WWI medals reunited with Saratoga Springs family

September 05, 2019 07:53 PM

SARATOGA SPRINGS - On the battlefields of war throughout history, where soldiers have died and innumerable sacrifices have been made, most stories are lost to the ages. However, now there seems an opportunity to breathe life into many heroic tales.

"We should never forget the sacrifices people are making even if its 100 years old," said Daniel Green, grandson of World War I veteran Frederick Beisswanger.


Green never knew his grandfather, a Corporal during the Great War, who took shrapnel in his leg during battle in the Argonne Forrest.

"War is awful most of the time," Green asserted. "It's nice that something comes out of it."

Beisswanger received the Lady of Columbia Wound Certificate, at the time, the equivalent of a Purple Heart. Mildred Green, Daniel's mother, says she kind of remembers the medal from her childhood.

"I didn't know when I was very small what the Purple Heart was or what World War I was so I used to play with the thing they gave me, some kind of Purple Heart I used to play with it."

However, Mildred's family lost track of the military keepsake, until recently when it turned up at a yard sale in California, where the purchaser contacted the Vermont-based Purple Hearts Reunited organization.

"It's hard not to love bringing pieces of history home," said Jessica Jaggars, operations director at Purple Hearts Reunited. "I think it's important to retell history and I get to be a part of that."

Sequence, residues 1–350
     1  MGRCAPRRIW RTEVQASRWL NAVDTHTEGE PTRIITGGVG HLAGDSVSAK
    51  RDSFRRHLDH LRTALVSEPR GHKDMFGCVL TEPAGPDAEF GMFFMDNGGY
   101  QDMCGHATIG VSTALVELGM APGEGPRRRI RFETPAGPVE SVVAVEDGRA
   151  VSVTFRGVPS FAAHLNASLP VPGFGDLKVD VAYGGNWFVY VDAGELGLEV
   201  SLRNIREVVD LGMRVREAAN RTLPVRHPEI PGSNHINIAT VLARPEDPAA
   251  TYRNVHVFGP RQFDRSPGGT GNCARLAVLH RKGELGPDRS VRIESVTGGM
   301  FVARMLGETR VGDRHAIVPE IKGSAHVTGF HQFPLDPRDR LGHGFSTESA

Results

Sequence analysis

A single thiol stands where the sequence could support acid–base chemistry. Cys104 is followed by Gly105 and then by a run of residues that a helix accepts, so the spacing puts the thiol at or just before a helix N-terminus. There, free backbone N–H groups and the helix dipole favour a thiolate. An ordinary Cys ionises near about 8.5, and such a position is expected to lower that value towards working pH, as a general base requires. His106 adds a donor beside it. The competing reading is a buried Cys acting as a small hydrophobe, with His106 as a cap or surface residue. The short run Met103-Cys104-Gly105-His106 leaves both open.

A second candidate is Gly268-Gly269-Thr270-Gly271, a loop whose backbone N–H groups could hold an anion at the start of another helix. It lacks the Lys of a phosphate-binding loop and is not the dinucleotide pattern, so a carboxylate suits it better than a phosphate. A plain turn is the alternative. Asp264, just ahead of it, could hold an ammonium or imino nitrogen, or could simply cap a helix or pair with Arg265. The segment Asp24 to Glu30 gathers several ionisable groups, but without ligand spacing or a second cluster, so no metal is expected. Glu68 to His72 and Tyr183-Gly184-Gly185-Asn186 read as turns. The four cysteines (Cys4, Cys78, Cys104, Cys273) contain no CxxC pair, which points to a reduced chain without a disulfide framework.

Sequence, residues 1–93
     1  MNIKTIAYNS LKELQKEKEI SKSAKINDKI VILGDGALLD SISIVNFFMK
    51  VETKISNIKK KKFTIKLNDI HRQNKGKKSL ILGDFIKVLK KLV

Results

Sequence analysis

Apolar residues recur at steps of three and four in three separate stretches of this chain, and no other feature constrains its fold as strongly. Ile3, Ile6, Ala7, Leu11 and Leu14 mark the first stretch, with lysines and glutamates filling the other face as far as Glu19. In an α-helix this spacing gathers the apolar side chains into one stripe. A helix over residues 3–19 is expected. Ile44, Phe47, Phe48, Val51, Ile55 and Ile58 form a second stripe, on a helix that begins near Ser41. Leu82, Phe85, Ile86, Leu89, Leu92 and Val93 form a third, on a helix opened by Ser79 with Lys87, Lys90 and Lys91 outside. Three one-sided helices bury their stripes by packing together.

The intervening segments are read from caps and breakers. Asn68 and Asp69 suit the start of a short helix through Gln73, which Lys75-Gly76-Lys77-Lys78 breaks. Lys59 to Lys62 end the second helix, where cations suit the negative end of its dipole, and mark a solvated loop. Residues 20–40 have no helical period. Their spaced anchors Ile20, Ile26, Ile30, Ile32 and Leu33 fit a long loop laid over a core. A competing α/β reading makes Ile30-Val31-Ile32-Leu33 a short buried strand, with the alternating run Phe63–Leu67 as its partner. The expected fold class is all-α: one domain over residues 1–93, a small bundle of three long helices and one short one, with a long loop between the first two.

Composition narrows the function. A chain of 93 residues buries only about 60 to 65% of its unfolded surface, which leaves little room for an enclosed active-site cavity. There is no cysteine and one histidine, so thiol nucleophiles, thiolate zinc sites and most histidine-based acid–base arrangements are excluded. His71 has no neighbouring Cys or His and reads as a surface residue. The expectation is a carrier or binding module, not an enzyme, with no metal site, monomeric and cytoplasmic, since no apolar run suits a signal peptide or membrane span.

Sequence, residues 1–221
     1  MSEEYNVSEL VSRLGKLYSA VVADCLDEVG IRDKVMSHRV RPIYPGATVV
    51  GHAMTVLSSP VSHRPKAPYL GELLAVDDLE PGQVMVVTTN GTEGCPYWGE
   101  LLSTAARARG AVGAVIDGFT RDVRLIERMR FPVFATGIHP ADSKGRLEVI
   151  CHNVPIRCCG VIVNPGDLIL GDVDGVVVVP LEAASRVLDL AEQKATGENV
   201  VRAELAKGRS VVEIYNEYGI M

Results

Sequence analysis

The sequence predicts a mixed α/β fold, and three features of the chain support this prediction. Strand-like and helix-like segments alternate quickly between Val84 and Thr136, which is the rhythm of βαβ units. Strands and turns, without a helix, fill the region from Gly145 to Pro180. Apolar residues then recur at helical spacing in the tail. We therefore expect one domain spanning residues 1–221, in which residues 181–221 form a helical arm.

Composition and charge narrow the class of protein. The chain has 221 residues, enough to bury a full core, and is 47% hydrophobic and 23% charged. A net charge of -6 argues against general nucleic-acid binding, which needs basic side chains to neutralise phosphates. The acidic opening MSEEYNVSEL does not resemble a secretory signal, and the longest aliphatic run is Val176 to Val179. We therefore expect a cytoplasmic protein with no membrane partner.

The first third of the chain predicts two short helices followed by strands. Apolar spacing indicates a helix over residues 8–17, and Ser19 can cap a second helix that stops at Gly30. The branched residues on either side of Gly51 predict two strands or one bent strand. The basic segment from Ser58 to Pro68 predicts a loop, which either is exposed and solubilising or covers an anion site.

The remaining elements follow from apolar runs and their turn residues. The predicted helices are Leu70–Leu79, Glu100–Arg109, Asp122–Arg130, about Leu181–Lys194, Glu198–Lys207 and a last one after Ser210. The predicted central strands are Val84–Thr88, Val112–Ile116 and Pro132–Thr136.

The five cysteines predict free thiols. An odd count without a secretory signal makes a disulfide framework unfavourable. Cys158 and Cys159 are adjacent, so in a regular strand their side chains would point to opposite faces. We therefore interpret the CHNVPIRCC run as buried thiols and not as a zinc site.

That's exactly what Jaggars did on Thursday morning in Saratoga Springs, when she delivered a framed version of the original Wound certificate lithograph, along with a replica Purple Heart to Mildred and her family.

"It's very prideful even not knowing somebody having never met him," Daniel Green asserted. "You have pride that our family served and we're excited about it. It's a sacrifice and people are making these sacrifices today, yesterday and tomorrow."

An estimated 1.8 million Purple Hearts have been awarded in our nation's history.

Since its founding, Purple Hearts Reunited has returned more than 650 lost medals to rightful recipients or family members.


Dan Levy

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